For anyone who has been following this blog you know that we set a goal as a family (we had many but only this one is relevant to TBC) to hike 100 trail miles in 2012. It was a great feat for us to try as we have a six year old who isn’t fond of taking long walks in the woods, and our schedules make it difficult to get out but maybe once or twice a month. Summer was hot, I mean real hot which doesn’t bode well for a man with an SCI (spinal cord injury) as the heat and humidity drain my strength and suffocate me with every step.

We started off the year very slowly taking 1-2 mile trips, we didn’t get out a few months and fell well behind. One of the reasons we didn’t get at it full-steam is we didn’t think our son could handle it. We were wrong, so very very wrong. We underestimated the hiking power of our little man and we’re going to pay the price for it by not making our goal.

Currently we have 48 miles to go and less then two months to do it in. We found out near the end just how far our little guy can go when he pulled off a personal best (along with my wife who wasn’t much of a hiker or outdoors athlete until she married me and she’s pregnant too) when he hiked for 8.6 miles last month. Had we known he had this kind of staying power we might be closing in on 150 miles and not just crossing the 50 mile mark. As I stated earlier we have a vacation coming up and we’re looking at tackling over 20 miles in total. Getting us close to the 80 mile mark, but short of the 100 we need.

Never underestimate this boys hiking power…or his trailblazing skills.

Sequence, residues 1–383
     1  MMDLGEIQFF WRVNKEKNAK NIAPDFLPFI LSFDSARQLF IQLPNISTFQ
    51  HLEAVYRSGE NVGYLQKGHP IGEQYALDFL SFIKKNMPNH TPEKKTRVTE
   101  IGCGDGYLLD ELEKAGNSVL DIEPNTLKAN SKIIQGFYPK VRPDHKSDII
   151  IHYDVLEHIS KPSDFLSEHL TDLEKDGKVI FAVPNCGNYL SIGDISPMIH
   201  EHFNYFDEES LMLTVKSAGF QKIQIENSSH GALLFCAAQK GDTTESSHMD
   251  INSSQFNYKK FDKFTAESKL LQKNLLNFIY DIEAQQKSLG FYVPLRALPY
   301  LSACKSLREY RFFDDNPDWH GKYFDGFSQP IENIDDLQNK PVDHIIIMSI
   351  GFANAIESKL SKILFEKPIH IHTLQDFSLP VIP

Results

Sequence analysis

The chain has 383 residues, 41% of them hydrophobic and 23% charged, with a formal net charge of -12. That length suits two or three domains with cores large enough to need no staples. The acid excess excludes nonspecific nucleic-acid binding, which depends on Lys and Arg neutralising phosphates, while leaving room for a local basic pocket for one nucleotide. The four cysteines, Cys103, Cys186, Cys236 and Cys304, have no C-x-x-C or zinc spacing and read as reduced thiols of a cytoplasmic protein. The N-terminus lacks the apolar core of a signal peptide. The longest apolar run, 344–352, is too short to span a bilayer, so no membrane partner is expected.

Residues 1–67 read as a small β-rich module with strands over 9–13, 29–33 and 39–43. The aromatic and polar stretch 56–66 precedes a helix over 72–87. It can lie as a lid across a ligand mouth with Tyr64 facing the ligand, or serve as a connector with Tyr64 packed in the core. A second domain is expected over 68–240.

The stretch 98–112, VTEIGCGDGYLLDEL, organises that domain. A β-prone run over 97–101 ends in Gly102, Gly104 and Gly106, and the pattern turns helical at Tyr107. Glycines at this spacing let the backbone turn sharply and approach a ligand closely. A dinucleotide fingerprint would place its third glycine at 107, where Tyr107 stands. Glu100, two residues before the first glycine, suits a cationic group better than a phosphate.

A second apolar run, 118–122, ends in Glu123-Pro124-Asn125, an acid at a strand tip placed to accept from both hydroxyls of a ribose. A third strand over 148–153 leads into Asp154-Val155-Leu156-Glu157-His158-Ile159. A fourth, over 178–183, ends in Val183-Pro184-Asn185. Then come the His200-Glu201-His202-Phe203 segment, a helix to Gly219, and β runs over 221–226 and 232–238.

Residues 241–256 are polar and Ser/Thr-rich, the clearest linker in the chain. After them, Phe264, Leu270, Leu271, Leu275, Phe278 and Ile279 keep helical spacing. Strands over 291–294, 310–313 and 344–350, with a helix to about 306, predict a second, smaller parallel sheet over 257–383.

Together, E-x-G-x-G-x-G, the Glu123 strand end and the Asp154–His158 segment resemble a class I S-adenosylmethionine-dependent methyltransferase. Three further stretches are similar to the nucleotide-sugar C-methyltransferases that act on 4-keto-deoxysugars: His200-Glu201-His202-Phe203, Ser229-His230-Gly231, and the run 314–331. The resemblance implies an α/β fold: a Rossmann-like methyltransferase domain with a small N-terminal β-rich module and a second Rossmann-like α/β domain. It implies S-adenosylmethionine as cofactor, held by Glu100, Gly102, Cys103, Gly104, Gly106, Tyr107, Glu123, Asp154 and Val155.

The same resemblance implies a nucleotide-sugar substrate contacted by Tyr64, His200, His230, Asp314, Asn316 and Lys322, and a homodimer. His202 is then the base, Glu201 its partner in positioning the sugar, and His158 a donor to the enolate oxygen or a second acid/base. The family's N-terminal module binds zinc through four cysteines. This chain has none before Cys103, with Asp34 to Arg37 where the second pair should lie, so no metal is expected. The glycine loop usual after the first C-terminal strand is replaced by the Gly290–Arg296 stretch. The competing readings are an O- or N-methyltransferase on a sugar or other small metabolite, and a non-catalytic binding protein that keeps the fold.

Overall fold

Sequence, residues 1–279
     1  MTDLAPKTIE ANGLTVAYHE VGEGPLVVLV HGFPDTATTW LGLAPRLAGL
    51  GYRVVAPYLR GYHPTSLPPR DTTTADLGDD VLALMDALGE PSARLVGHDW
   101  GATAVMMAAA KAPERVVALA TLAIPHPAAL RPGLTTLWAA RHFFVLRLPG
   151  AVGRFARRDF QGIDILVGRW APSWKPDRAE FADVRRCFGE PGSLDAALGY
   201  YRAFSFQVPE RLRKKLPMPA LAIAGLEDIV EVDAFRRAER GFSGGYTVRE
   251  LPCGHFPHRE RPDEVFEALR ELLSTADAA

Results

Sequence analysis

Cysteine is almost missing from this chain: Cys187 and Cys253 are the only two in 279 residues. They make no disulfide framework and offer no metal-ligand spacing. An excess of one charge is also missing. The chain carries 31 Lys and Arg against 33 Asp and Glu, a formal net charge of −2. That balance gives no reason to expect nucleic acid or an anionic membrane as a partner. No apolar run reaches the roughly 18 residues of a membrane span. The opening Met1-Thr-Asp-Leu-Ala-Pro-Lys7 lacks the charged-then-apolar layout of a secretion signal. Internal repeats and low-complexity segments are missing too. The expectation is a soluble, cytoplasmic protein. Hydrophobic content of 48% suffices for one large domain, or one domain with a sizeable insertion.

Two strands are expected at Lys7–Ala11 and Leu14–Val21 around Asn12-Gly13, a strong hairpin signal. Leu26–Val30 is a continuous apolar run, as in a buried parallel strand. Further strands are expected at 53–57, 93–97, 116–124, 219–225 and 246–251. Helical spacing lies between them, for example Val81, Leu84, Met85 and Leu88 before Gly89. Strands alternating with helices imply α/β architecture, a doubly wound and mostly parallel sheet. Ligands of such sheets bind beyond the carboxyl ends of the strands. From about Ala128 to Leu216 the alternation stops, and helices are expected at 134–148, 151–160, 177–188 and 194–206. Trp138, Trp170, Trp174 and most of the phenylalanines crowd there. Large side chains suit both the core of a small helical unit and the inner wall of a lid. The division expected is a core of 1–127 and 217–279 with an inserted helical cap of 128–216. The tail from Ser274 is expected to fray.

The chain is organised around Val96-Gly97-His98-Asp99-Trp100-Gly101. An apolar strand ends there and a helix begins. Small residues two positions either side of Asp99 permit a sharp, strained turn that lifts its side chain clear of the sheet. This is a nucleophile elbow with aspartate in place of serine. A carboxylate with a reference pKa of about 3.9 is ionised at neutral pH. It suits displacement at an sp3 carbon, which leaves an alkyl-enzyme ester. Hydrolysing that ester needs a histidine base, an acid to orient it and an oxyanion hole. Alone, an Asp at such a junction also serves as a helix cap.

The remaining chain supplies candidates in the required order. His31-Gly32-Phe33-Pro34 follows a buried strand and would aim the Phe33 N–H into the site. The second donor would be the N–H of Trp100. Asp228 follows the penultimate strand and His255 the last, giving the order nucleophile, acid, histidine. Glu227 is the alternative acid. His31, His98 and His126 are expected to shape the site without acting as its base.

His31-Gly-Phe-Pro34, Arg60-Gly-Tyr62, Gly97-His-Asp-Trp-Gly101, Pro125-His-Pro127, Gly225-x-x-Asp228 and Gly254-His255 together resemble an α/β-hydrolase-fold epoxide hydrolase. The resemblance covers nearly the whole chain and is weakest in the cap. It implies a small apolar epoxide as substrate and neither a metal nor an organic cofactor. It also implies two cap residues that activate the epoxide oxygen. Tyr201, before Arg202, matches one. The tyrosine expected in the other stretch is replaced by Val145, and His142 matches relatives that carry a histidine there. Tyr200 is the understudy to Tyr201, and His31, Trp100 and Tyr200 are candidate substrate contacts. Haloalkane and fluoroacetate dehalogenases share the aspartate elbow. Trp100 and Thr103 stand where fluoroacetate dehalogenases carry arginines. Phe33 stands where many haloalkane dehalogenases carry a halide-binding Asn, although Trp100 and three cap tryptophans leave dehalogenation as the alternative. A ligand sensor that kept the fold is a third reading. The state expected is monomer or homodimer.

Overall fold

All-in-all it’s been a great success. We’ve done more and learned more then we would have had we not set the goal and it helped us to reallocate our time and energy to make room for hitting the trail. We developed a game to help our son get his mind off the miles (trail bingo) and if he scores enough bingo’s he gets a prize (a new video game….yea yea I understand the irony of using an outdoor activity and rewarding it with a soul-sucking, mind numbing indoor activity… stop judging me). We also found out that we love a hot trail meal (thank you JetBoil and mac ‘n cheese) it helps to lift our spirits and boosts morale for the troops.

So before we go we wish you all a lovely Thanksgiving with friends and family, and as always…..Adventure On!

(PS: We will be coming back just not for two weeks so check the archives for a lot of good posts)

Categories: 100 miles in 2012, Climbing, Family Vacation, Hiking, Outdoor Recreation | Tags: , , , , , , , , , , , , , , , | 1 Comment

The Yellow Sweatpants